It’s impossible to provide a universal answer to this question but it’s a question you must ask yourself before diving headfirst into starting a medical practice. When measuring the viability of your practice, we are not and cannot address the need of an area, that is something you need to assess through a market analysis. We will write this article based on the assumption that you have already assessed the area and confirmed that there is a clear and immediate need for the services you plan to offer. Now we’ll get into ways to measure how viable your practice is.
3 Ways to Assess Viability
Number 1: Which insurers are my targeted patient population using?
You have concluded that there is a need in your area, next you need to identify the top payers in the area that represent the patients you are targeting. Which payers represent the majority of the targeted patient population? If you’re starting a new Ortho, Derm or Primary Care practice with a heavy Medicare population, do not make the mistake of assuming that you will be able to see these patients once you are enrolled with Medicare. Majority of the Medicare population these days are part of a Medicare advantage which handle their own contracting and could quite possibly deny participation to you. We have seen this happen countless times and being blindsided by a major Medicare advantage plan having a closed panel really alters the financial trajectory of your new practice.
If you’re starting an addiction practice or a practice with a higher percentage of the affected patient population on Medicaid, you need to understand what the reimbursement will look like for Medicaid in your state. Participating with Medicaid HMOs is rarely a problem as there is a severe shortage of physicians/providers willing to participate in the Medicaid plans due to the low reimbursements.
If you are starting a pediatric office, who are the major employers in the area using for insurance? What percentage of the population is enrolled in Medicaid? You need to know this in order to prepare a financial analysis based on X percentage of your patients being on Medicaid and X percentage being on commercial insurance. Medicaid pays about 40% lower than commercial and Medicare insurance plans so please take this into consideration when doing a financial analysis. Many state Medicaid plans do pay pediatricians slightly more than PCPs for example but it’s not much more.
The point here is to identify the patients you are targeting and which payers represent these patients.
Number 2: Are the payer panels open?
This is pretty cut and dry so we’re not going to cover in much depth. We have other articles on evaluating payer panel status which we recommend you take a minute to read. Once the top payers have been determined, you now need to reach out to each of these payers to ensure that they are accepting new providers in your specialty and anticipated location. If they say no, or we’re not sure, you need to take the next step and submit a formal inquiry either online or over the phone. A formal inquiry is often the only way to get a formal answer from them. This typically looks like a “Letter of Interest” that is either faxed or emailed to the payer although some payers do have this option available over the phone or on their website. It’s a good idea to check panel closures in multiple counties if you’re not 100% on where your new practice will be located.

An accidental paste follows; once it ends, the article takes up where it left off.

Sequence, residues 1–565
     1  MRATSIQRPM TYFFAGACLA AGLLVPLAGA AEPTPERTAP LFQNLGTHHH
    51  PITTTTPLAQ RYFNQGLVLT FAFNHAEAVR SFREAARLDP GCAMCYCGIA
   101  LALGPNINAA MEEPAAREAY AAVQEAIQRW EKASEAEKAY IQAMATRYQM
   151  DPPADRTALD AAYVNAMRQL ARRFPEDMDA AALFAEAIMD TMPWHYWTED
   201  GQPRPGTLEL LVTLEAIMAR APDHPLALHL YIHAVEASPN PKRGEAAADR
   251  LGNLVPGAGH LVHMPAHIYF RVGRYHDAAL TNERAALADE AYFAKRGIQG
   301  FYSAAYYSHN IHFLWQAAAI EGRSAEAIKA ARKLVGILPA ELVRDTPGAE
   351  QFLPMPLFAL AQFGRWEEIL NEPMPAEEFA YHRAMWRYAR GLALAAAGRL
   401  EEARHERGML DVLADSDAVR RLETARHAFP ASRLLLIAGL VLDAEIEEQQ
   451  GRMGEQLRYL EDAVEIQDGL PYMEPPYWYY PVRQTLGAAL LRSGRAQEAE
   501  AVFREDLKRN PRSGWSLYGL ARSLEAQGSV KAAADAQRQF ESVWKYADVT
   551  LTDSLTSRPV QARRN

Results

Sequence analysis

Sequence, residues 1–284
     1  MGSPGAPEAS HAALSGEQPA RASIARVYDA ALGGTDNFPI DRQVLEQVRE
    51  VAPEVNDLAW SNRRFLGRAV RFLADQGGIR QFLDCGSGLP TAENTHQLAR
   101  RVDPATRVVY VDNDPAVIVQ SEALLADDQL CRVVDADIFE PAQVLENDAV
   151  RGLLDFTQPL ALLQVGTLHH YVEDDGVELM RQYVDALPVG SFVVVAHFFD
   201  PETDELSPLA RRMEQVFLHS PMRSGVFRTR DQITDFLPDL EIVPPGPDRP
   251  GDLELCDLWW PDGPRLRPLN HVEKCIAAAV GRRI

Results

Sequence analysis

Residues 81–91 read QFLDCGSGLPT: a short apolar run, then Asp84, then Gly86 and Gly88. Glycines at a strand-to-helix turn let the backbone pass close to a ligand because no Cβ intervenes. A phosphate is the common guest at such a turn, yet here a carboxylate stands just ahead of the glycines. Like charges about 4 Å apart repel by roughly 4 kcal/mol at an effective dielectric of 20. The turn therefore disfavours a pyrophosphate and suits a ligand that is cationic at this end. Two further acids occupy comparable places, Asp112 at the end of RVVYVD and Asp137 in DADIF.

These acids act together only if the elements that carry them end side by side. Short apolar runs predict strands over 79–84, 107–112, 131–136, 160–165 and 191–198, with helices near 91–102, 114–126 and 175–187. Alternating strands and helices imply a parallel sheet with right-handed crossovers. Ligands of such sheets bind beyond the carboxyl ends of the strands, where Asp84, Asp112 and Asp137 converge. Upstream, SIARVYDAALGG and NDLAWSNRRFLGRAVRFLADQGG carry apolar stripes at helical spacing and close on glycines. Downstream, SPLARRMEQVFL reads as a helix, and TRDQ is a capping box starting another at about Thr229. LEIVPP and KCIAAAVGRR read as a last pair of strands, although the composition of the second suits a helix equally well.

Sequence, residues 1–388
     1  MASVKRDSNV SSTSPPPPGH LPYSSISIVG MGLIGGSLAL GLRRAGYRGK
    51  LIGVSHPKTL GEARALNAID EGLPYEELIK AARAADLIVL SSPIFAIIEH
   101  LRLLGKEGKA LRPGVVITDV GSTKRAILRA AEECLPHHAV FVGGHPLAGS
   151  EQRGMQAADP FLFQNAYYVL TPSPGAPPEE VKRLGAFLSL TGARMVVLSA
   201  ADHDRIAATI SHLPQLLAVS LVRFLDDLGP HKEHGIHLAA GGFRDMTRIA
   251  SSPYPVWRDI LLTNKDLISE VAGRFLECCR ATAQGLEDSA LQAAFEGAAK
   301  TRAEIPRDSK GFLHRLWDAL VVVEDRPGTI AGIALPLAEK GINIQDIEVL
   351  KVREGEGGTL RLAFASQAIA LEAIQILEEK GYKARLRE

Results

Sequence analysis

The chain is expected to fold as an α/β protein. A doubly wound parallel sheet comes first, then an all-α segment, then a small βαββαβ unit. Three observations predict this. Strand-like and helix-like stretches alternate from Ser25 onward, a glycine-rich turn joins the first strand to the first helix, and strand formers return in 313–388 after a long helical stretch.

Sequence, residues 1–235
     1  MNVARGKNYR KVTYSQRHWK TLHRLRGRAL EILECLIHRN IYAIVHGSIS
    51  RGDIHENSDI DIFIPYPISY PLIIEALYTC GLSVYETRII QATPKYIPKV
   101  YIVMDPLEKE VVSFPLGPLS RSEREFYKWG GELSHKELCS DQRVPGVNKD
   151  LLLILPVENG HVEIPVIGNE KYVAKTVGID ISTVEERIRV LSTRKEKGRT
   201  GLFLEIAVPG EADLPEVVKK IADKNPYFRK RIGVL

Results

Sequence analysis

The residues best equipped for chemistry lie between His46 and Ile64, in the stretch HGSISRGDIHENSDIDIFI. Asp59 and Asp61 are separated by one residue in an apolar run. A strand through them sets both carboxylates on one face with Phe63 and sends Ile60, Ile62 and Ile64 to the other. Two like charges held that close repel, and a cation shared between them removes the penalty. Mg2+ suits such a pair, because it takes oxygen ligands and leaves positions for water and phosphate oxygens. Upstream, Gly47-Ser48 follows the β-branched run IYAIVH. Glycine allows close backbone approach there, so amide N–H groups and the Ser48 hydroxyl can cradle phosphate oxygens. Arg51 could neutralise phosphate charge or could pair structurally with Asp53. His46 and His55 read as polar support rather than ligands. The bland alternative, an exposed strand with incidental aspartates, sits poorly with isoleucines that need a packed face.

Number 3: Create a financial analysis based on patient participation in your area
You’ve reached some conclusions at this point in terms of what patients you’re targeting and which insurers they are participating with. You also should have a pretty clear picture as to which insurance plans are accepting new providers intop their network. Now, equipped with this information, create a financial analysis based using the participation data and anticipated contracted rates. Before starting on your financial analysis(which is best done using Excel), you need to put together a list of your top CPT codes based and obtain your local Medicare reimbursement info for the current year. Here is a video explaining how to use the Medicare fee tool to obtain this info. This is your baseline reimbursement and is what you’ll measure other payers against.
So you have your top codes and the Medicare allowed amount, now you need to Here are some things to consider when preparing your analysis.
- If Medicaid is going to be a part of your practice and you anticipate it being approximately 10% of your overall patient population, we recommend moving that number up to 15-20% of your overall patient population for the first year. Medicaid patients are often underserved and will be the first ones calling to schedule appointments. This is a great way to help your community and stay busy during your first year but could put you out of business if you’re not careful.
- If your research tells you that the major commercial payers are paying 95% of Medicare in most cases, go ahead and estimate your payment to be 5-10% less. The objective here is not to be perfect but to give you an idea of what to expect and it’s best if you don’t paint the analysis with rose colored glasses.
We’ve included a simple analysis below so you can see the formulas used. It’s nothing fancy nor does it need to be, you just need to get the numbers on paper so you can make an informed decision.